R Taylor and Owusu-Akyeaw v Secretary of State for the Home Department

JurisdictionEngland & Wales
CourtQueen's Bench Division (Administrative Court)
JudgeMr Stephen Morris QC,JUDGE
Judgment Date13 October 2015
Neutral Citation[2015] EWHC 3526 (Admin)
Date13 October 2015
Docket NumberCO/3345/2013

[2015] EWHC 3526 (Admin)

IN THE HIGH COURT OF JUSTICE

QUEEN'S BENCH DIVISION

ADMINISTRATIVE COURT

Royal Courts of Justice

Strand

London WC2A 2LL

Before:

Mr Stephen Morris QC

(sitting as a Deputy High Court Judge)

CO/3345/2013

Between:
The Queen on the Application of Taylor and Owusu-Akyeaw
Claimants
and
Secretary of State for the Home Department
Defendant

Mr Darryl Balroop (instructed by Greenland Solicitors) appeared on behalf of the Claimants

Miss Emma Price (instructed by Government Legal Department) appeared on behalf of the Defendant

Mr Stephen Morris QC
1

The two claimants in this case seek judicial review of the decisions of the Defendant, the Secretary of State for the Home Department dated respectively 27 September 2012 and 9 October 2012 to grant each of them limited leave to remain in United Kingdom in accordance with immigration rules in force from 9 July 2012, those rules being the rules in force at the time that those decisions were taken. The first claimant is Sherika Sharon Taylor ("the first claimant"). She is a Jamaican national now aged 27. She has a daughter now aged five who is a British citizen. She entered the UK in April 2001 on a visitor's visa and overstayed. Prior to the present application she had had previous appeals and asylum applications refused.

2

The second claimant is Abigail Owusu Akyeaw ("the second claimant"). She is a national of Ghana and now aged 37. She has a son now age five who is a British citizen. She claims to have entered the UK in 1996. Prior to the present application she had made an application as the dependent of an EEA national. That application was refused in January 2009.

3

Each claimant applied for discretionary leave to remain outside the immigration rules in pursuant to section 55 of the Borders Citizenship and Immigration Act 2008 and Article 8 of the ECHR. The first claimant applied on 30 March 2011 and the second claimant applied on the 5 March 2012. Each claimant complains that she should have been granted leave on more favourable terms in accordance with the rules in force at the earlier time when her application for leave to remain was made.

4

Turning to the terms of the decision letters in each case. In the case of the first claimant by a decision letter dated 9 October 2012, the first claimant was granted limited leave. The letter provided inter alia as follows:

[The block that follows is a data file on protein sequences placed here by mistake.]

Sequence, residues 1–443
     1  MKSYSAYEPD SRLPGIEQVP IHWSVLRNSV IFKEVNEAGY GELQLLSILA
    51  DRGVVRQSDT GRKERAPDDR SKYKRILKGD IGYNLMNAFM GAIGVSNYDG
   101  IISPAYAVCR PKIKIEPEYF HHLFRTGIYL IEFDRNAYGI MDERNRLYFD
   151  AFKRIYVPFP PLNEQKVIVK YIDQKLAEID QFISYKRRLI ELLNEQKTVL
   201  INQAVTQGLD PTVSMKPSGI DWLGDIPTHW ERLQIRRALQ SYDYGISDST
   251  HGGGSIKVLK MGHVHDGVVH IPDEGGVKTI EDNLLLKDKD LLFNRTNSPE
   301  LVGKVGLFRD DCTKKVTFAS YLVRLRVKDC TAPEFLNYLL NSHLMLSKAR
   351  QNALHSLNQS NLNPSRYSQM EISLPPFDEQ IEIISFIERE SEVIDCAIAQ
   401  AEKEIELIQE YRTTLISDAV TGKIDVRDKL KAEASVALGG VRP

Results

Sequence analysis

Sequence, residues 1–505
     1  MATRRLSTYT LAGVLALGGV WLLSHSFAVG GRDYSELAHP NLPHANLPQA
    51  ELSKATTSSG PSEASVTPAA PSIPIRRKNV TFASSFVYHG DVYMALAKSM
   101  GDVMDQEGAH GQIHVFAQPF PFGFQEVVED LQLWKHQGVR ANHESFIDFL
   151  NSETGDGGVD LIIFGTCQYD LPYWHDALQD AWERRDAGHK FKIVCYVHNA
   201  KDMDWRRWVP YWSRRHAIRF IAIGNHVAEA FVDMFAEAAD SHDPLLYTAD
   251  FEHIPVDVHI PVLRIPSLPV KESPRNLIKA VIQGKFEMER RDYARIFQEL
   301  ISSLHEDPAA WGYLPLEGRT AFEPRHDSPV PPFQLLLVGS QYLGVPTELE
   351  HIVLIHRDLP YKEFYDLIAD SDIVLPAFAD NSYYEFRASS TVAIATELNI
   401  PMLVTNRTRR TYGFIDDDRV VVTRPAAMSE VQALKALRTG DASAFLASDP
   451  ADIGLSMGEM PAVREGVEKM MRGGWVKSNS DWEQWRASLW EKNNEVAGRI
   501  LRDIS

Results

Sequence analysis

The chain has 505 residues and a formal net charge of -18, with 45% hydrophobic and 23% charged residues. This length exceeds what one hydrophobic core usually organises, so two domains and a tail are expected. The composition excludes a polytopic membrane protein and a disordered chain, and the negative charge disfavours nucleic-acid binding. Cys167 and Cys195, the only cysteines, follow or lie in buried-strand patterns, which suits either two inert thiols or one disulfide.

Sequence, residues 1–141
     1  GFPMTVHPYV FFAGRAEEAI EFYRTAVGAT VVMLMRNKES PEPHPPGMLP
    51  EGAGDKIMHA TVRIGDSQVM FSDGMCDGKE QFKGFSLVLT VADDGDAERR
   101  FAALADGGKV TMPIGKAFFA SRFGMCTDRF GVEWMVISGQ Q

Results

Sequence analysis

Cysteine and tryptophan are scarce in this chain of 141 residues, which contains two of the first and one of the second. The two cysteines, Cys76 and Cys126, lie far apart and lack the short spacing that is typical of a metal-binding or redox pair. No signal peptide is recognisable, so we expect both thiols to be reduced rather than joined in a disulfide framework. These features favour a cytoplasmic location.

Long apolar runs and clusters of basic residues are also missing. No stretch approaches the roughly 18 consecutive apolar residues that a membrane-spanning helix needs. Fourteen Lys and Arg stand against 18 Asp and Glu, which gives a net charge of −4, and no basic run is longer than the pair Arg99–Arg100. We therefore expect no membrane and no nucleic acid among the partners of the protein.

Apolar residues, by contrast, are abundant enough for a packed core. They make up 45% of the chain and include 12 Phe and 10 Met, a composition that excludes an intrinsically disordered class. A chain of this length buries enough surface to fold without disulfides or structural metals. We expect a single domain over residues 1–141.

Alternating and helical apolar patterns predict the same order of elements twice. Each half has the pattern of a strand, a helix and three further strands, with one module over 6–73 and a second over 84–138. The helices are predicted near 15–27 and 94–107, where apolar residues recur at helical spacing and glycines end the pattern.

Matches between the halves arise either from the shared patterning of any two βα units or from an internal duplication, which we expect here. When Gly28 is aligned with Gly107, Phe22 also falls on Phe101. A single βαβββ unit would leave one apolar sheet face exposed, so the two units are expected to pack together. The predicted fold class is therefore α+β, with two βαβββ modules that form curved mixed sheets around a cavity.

5

"As a result of the changes to the immigration rules which came into effect on 9 July 2012, any family life claim will now be given consideration under Appendix FM. Consideration has been given under the exceptions paragraphs EX.1(a) and EX.1(b). We are satisfied from the information you have provided that you are the parents and main carer of a British citizen child who is resident in UK. We are also satisfied that this child enjoys contact with her father who holds separate status in the United Kingdom. Because of your particular circumstances, you have been granted leave within the immigration rules under D-LTRP.1.2 of Appendix FM. We have endorsed your passport with limited leave to remain in the United Kingdom initially for 30 months.

6

In order to qualify for settlement, you must have completed a continuous period of at least 120 months in the UK on with limited leave granted because of your family life as a parent of a child in the United Kingdom.….

7

Future Applications

8

If your circumstances remain the same, following a continuous period of lawful leave to remain in the UK for 10 years and subject to meeting the requirements of the immigration rules at the time, you may apply for indefinite leave to remain in the UK".

9

As far as the second claimant is concerned, she received a decision letter in very similar terms dated 27 September 2012. I read only the following passage, (the first part of the letter being essentially the same as the letter of 9 October 2012).

10

"We have endorsed your biometric residence permit with limited leave to remain in United Kingdom initially for 30 months. In order to qualify for settlement, you must have completed a continuous period of at least 120 months in the United Kingdom on with limited leave granted because of your family life as a parent of a child in the United Kingdom"

11

and then the letter continues and contains the same provision about future application as contained in the letter to the first claimant.

12

Each application was made before the 9 July at a time when other more favourable rules were in force. The claimants claim they should have been granted leave in accordance with those rules and had they been so granted, they would have been granted discretionary leave for 36 (rather than 30 months) and would have qualified for indefinite leave to remain within 72 months (rather than 120 months).

13

By the time that their application was decided, the new rules were in force and so they were granted limited leave in the terms I have just described.

The Grounds of Challenge

14

There are two grounds of challenge. In summary the claimants contend, first, that the Secretary of State should not have applied the rules in force after 9 July 2012 to the claimants' applications but rather the rules in force before 9 July and, had she done so, as I have explained she would have granted leave on more favourable terms.